Monday, April 22, 2013

Tiny Tips for Healthier Living

   Here we are on Earth Day and I find myself thinking about all the small thing we can do to live a healthier life helping our planet as we do so.

  • Grow your own vegetables - good for you and good for the planet as it reduces our carbon footprint.  Transporting the food means walking from your garden plot, as opposed to shipping from other parts of the country or the world.
  • Grow organically - a few chewed leaves should not deter you from keeping pesticides out of the garden and thus out of your body.  The Earth (and her honeybees) will thank you. 
  • If growing your own food is not an option, shop your local farmers' markets, again lowering the carbon footprint, as well as helping your neighbors. 
  • Eat seasonally.  I may long for fresh strawberries in February, but they are not coming from anywhere near where I live.  Get creative with apples and other fruits in storage, or use fruits you put up the previous season. 
  • Hang your laundry on a line to dry.  Energy from the sun is free to us all and we have sweeter smelling clothing.  Line drying also causes less wear and tear on your garments. 
  • Remember to turn off the lights as you leave a room. I can still here my mother's voice echoing out from my childhood, "Turn off the light/radio/television (pick one) - we are not supporting Connecticut Light and Power single handedly!" (Thanks Mommy)  This will also help your budget!
There are books about all this and more, but how many of us can go totally off-grid?   Try one or two things that you have not been doing and add them to this year's promise to help sustain our earth.

And now some earth facts.  I particularly like #16.
Happy Earth Day

Sunday, April 21, 2013

Suddenly spring - or not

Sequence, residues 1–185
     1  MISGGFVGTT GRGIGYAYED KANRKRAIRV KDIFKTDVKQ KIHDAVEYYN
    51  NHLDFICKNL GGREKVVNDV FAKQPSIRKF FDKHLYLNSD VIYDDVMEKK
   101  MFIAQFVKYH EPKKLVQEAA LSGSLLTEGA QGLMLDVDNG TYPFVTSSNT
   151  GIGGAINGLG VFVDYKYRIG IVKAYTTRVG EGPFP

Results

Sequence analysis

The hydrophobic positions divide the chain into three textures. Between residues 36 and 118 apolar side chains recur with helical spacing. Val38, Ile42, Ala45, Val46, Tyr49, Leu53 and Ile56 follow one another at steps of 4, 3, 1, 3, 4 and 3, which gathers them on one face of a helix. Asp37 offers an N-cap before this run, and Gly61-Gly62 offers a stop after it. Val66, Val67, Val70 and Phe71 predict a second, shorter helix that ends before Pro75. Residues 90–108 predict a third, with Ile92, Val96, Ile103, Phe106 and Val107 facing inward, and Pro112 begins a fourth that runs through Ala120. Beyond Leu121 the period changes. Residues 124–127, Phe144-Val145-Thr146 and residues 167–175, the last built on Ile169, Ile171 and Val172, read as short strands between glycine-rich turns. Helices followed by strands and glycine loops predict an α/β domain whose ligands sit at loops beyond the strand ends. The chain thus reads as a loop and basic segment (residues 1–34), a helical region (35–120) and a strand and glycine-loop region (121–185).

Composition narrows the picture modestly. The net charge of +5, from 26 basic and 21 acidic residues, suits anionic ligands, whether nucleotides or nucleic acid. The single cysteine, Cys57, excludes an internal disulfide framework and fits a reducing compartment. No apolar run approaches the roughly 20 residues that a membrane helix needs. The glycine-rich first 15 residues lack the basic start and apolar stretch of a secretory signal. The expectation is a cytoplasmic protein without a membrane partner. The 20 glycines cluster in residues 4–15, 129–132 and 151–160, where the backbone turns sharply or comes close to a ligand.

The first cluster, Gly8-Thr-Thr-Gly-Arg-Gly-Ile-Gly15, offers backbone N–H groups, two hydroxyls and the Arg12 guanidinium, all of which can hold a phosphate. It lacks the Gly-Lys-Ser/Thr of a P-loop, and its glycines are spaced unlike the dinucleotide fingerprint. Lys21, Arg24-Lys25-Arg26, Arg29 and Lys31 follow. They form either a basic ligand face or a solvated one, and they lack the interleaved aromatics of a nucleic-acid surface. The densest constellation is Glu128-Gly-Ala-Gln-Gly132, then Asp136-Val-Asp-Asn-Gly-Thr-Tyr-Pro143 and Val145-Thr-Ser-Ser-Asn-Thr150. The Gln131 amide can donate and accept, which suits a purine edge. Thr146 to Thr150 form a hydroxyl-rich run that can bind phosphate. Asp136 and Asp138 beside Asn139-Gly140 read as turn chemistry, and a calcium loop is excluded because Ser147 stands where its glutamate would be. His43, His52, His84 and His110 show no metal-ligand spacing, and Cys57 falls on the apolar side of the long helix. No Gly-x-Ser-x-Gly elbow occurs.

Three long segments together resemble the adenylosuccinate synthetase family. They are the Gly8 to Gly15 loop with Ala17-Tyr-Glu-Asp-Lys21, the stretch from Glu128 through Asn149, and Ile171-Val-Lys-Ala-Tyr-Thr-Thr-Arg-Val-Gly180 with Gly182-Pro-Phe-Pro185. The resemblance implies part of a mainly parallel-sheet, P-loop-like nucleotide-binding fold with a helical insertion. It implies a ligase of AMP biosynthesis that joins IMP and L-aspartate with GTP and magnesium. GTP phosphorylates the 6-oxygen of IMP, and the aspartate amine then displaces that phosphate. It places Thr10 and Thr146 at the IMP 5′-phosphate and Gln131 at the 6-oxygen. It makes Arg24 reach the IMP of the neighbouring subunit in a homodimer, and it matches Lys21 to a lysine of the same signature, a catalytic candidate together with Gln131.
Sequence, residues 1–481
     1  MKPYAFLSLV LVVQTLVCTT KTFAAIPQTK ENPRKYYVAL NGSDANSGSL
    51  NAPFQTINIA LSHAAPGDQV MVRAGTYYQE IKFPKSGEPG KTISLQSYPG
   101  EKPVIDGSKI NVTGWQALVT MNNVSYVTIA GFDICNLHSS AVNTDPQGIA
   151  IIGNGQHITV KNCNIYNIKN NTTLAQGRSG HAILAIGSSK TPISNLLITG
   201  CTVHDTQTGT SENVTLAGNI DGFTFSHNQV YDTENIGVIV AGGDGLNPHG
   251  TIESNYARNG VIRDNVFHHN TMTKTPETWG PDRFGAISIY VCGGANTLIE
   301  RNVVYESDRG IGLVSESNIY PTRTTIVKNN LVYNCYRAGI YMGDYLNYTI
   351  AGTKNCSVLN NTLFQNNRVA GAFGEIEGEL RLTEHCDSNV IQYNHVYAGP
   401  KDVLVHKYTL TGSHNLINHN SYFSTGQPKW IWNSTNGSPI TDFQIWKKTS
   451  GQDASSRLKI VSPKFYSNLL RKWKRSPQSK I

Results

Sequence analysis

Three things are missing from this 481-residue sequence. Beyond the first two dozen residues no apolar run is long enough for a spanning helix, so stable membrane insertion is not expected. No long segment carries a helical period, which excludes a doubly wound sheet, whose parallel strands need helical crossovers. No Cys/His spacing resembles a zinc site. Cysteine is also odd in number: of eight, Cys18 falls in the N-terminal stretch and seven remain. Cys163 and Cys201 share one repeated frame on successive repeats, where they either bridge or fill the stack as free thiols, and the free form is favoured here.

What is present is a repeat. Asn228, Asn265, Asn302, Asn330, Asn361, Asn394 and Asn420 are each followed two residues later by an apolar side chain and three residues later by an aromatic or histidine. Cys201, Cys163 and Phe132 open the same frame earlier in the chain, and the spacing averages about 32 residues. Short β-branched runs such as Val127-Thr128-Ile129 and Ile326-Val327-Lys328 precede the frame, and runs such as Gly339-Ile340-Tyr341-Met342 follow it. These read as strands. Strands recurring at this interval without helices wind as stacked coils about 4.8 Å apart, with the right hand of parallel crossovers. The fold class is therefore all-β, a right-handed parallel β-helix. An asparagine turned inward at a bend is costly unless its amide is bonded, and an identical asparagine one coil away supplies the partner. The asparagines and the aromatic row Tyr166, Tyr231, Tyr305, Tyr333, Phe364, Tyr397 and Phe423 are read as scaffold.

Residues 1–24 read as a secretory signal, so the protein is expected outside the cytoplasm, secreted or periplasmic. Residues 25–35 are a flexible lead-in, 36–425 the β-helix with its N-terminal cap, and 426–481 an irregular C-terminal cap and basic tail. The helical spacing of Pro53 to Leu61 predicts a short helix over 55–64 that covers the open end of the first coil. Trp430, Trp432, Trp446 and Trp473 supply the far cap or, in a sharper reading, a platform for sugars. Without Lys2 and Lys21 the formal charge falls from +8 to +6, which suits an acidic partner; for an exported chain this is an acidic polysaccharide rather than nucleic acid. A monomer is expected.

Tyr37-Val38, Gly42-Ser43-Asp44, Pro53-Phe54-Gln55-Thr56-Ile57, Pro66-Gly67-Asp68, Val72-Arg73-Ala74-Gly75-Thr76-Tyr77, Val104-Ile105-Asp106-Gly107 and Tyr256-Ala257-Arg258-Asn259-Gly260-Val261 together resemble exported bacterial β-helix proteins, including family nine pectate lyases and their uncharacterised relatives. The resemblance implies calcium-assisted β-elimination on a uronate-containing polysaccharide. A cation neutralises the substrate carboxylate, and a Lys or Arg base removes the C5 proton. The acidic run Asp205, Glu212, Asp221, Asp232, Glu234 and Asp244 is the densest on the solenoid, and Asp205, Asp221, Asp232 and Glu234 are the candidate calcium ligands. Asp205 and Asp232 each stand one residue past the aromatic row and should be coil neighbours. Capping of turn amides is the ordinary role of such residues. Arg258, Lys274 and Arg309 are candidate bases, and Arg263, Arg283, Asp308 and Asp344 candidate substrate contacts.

Friday we were at 73 degrees,  so lovely.  Friday night a torrential rain storm hit with wind and tornado conditions in someplaces.  Yesterday it was 40 degrees, last night it went down to 20 here at the GS camp.  Brrr.
    Still, May is rapidly approaching so Spring tasks must happen.  Last year my bee hives became infested with wax moths - YUCK!  They are disgusting and leave a webby mess in the comb.  So before my two packages of bees arrive in May I need to clean out the hive, add new foundation to most of the frames, and figure out how to heat the plasticell foundation enough to kill the eggs that might be there and not melt the plastic.  This is one task I am NOT looking forward to. 
     My husband and I are going over the merits of various apple types as we look through all the catalogues.  He prefers some of the modern hybrids; I am all all about the older varieties.  Compromise may come with him having the hybrid apples and me eventually getting a few rare/heritage breed sheep. I have had my eye on Leicester Longwools and Navajo-Churros, but I also love the look of Jacobs and feel of Icelandic wool, so - who knows.  The planning is half the fun!